Economical and political environment in Ecuador
II. Economical Environment in Ecuador
During the last decade, Ecuador has seen its economic environment strongly influenced by the financial and economic crisis of 1998-1999, and consequently by the process of currency convertibility through which the country crossed.
The adoption of the United States dollar as the legal currency in January of 2000 removed the monetary exchange risk and stabilized the expectations of the economic agents. Between the years 2000 and 2004, the actual GDP grew at an average rate slightly over 4 percent. Nevertheless, there exists and important difference between the performance of the oil related GDP and that of the non-oil related. While the oil related GDP increased at an actual average rate of almost 10 percent per year between 2000 and 2004, the non-oil related GDP did so at rate of 3.3% (1)
The economic history in Ecuador has a direct correlation with the trajectory followed by the production and sale of crude oil. During the last four decades, oil has been the economy’s main pillar. The substantial increase in the oil’s sale price during the last 10 years has been of great support to the currency exchange measure implemented by former president Mahuad.
During the last decade, Ecuadorians have been able to enjoy a stable economy with one of the lowest inflation rates in Latin America. Due to the economic stability and mainly because of Ecuadorians’ confidence in the new currency, the US Dollar, we have been able to access credit, and mainly consumer credit which before dollarization was practically inexistent due to the constant change in the political and economical environment.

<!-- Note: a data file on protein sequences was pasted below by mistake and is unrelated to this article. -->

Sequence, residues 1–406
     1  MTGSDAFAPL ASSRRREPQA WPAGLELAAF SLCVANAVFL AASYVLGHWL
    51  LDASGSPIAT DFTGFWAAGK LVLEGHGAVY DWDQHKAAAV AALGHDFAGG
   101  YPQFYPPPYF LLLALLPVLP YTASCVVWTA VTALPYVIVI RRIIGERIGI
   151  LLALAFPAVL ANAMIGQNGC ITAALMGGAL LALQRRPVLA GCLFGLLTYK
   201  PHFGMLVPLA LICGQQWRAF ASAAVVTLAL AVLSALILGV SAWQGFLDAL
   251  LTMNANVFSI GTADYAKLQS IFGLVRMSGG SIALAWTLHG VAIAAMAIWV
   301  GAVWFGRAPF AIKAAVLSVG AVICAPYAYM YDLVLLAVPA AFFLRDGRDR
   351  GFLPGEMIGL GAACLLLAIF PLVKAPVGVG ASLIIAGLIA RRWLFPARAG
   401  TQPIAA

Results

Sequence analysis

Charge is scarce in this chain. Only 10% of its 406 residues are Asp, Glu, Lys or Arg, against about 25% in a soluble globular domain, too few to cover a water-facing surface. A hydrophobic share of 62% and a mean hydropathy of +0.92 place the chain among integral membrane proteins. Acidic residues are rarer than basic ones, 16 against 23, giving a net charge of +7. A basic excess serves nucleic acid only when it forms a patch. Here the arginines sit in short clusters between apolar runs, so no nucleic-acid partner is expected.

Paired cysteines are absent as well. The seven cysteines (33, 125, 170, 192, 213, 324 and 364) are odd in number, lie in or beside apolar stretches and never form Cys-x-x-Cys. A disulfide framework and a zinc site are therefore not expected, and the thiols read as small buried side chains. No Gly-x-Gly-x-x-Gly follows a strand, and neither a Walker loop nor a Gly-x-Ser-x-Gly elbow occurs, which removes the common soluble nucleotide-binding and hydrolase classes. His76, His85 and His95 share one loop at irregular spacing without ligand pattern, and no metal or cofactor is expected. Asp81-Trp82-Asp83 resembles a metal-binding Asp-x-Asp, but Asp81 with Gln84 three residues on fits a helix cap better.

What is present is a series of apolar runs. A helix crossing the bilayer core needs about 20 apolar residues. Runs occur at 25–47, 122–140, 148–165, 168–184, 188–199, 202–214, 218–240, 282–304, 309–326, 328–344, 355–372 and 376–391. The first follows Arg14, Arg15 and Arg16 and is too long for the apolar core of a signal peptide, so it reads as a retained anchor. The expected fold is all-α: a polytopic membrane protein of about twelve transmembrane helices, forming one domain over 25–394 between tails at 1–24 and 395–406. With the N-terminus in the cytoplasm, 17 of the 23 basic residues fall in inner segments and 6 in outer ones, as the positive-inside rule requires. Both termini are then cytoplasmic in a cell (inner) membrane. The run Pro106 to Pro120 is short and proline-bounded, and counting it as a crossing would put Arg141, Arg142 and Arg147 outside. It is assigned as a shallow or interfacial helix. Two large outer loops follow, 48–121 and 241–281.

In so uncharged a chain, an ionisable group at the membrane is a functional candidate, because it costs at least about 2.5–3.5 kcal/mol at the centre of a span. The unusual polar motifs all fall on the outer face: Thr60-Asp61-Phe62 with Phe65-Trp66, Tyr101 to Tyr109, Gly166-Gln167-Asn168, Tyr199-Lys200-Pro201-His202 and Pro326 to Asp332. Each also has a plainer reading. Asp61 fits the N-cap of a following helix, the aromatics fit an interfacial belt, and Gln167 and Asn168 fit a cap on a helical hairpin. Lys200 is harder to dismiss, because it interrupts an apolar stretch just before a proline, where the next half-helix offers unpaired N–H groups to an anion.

While dollarization has brought to Ecuador countless benefits, it is undisputable that the dollar has depleted Ecuador’s competitive capacity towards neighboring and South American countries. The trade balance in the latter years has evidenced a commercial surplus, which does not illustrate Ecuador’s economic reality. Ecuador is currently a country highly dependent on its imports. Should we remove from the equation the high volume of current-market-price oil export, we will recognize that Ecuador’s trade balance has quite an important commercial deficit.
The macro economical crisis of recent years and the evident currency depreciation and loss of purchasing power displayed by the dollar, are all unfavorable aspects for the local economy. The lack of a monetary policy in Ecuador, as well as the dilated state budget that Correa’s regime has maintained, are some of the reasons explaining the unfavorable economic measures which have been taken in recent years. With no doubt Ecuador requires a strong dollar in order to become more competitive.
Following the most recent negotiation of the oil contracts, as a result of which the Ecuadorian government is the largest beneficiary; a strong investment on behalf of such oil companies will be required in order to comply with the contracts and consequently bring the oil production to the expected levels, which amount to a production of approximately 20% to 30% higher than the current production.
II. Political Environment in Ecuador